Because sometimes that's what it looks like. Try looking at someone across from the campfire next time you're camping out. They're lit from the side or below and the highlights on their faces are a bright orange—whether they were super pale Caucasians or they're deepest dark brown, you'll get orange highlights in campfire light. The shadows may look actually blue, partly because the highlights are so bright an orange that the afterimage of the orange makes them bluer. Blue-violet shadows look entirely natural in the evening in warm golden light.
But daylight leans a little yellow too. So what light you're looking at is going to affect what colors to choose. The more you move toward a spectrum orange, the more likely it'll seem like the light is very yellow-golden and warm. Incandescent lighting is like that too.
Fluorescent light will cool the skin tones and make browns more effective than oranges . . . but they don't look brown that thin. They look beige. Make sure you get the value right no matter what shade of brown or orange you use for a base skin tone.
Then start mixing intuitively—this is why lots of test patches are good. I always keep some bits of bright white card on me and while painting any person, I'll test my mixes to see if they're the right color and if they're too dark or light. Too light and I have to add more paint. Too dark, I need to add more water.
Take Into Account Your Subject's Surroundings When Creating Skin Tone
What's around the face will cast reflected color into it. If someone's out in a bright green forest, you may actually see bright green areas in the shadows on their face. Reflected light bounces in more prominently where the face is shadowed. If they're wearing a bright red shirt, the underside of their chin may look a surprising pinkish color—because light from above is bouncing off the shirt. Look closely at the person and their surroundings.
Try to modify the skin tone colors with the same pigments you use to paint the rest of the scene. If you want a little blue to cool the shadows, then use the same blue that you're using in the black and blue mix on the black leather jacket (which I did on my self-portrait). If you're using a red to warm the lips, use the same red to do flowers in the background or to do their red t-shirt. The simpler and cleaner you keep mixes, the brighter they are.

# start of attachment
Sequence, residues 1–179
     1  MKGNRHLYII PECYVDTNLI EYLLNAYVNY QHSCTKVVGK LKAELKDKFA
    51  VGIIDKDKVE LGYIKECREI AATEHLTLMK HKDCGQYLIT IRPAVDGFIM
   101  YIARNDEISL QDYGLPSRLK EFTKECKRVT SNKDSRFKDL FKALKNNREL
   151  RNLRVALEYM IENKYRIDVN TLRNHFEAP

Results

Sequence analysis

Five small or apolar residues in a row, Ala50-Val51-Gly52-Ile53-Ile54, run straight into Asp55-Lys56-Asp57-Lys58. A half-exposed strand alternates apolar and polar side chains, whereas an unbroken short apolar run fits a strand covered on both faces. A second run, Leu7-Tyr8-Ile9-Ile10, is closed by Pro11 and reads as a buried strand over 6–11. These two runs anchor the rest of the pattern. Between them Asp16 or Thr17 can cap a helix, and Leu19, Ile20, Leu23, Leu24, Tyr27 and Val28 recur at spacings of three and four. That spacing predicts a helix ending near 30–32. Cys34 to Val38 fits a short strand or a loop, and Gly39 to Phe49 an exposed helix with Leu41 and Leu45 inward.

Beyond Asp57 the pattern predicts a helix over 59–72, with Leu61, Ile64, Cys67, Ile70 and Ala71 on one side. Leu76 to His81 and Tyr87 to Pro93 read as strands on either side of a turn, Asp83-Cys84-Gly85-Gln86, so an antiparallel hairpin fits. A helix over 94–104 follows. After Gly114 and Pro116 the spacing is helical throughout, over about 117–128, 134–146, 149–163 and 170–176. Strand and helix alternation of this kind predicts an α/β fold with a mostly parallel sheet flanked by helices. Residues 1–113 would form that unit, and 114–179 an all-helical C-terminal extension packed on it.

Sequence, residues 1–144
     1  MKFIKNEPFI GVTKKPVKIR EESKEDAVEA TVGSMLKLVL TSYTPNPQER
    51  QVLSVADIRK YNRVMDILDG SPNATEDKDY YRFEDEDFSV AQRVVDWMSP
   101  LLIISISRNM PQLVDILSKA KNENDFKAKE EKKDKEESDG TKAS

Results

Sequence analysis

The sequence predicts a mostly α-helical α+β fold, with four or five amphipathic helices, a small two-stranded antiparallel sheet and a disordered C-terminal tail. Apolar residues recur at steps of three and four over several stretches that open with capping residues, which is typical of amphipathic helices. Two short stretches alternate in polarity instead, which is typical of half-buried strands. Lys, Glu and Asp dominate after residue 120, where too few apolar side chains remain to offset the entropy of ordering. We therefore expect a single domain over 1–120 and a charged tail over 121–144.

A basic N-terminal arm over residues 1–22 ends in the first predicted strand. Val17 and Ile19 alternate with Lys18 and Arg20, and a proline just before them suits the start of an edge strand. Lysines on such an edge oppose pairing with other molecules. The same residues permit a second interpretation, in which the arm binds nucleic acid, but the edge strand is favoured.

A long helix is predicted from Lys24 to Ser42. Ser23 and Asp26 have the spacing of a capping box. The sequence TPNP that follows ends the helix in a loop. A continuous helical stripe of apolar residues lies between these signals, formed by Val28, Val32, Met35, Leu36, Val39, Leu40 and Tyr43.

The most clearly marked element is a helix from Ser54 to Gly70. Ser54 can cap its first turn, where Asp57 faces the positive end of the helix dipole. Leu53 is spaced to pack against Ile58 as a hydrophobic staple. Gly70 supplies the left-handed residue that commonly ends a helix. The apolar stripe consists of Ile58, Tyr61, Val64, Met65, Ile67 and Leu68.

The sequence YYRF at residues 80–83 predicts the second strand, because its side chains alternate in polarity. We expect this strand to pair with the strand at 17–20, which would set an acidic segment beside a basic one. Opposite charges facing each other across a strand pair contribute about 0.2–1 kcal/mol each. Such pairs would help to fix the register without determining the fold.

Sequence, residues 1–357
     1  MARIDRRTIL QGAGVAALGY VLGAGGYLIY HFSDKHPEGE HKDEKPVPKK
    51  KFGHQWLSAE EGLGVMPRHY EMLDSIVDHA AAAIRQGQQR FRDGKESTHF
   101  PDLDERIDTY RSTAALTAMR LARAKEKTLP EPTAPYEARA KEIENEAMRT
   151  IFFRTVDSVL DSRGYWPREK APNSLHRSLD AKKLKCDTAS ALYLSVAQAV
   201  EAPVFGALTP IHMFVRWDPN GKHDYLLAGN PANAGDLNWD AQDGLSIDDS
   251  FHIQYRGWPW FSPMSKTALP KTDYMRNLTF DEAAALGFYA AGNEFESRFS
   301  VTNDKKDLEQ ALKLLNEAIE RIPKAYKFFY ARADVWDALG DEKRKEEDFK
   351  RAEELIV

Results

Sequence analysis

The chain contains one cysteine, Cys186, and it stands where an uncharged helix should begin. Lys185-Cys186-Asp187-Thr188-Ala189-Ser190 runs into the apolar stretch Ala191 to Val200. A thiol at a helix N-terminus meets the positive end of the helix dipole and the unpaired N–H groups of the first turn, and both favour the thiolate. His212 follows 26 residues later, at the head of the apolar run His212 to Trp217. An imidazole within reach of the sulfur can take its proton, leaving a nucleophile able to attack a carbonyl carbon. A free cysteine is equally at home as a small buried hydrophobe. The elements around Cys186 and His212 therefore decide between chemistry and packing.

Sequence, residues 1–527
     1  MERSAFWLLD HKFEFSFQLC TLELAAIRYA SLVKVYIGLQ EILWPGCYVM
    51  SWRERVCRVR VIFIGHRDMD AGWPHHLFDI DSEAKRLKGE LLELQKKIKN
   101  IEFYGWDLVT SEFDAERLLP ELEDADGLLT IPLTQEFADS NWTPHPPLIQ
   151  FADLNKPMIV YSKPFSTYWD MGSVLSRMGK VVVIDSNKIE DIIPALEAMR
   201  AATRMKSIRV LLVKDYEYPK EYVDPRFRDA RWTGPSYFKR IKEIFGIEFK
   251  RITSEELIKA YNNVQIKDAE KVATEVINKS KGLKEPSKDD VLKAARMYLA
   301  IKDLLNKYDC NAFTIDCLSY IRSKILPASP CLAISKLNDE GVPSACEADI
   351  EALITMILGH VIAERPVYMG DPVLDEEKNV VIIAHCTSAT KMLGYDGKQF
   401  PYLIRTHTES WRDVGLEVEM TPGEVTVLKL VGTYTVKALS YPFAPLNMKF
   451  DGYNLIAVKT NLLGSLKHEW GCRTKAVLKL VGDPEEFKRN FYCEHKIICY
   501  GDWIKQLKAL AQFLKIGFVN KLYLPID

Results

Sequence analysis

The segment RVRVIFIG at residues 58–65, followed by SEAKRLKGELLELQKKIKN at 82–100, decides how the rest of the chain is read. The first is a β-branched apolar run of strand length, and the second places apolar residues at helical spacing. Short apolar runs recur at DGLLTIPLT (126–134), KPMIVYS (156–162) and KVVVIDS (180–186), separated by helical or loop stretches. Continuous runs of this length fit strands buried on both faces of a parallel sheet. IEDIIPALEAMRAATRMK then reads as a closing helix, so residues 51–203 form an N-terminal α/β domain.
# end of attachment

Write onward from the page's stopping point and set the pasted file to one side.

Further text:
But if you want the skin to look natural and not super bright, then the fact that multiple pigments mix duller can work to your advantage. Complex mixtures may give exactly the right shade for a shadow in a scene, but it'll still unify the painting more if they're the same colors you used in the rest of the painting.
Shadows are usually cooler (more toward violet) than highlights. Thus, the dark brown like Burnt Umber is less reddish and less yellowish than the Burnt Sienna, so it works as a shadowing color. So will mixing Ultramarine into the Burnt Sienna.
It is possible to just use the spectrum brights and mingle them on the paper if you're into that style. The main thing is to remember the base skin tone will begin with orange thinned down very light and just lean toward yellow or pink here and there, while all three primaries (or anything and its complement) will make grays or browns.
How much that shows depends on how you want the painting to look. Sometimes it's cool to do the whole painting in pure high-intensity colors. Other times it's fun to have it all grayed out, browned, muted, and soft.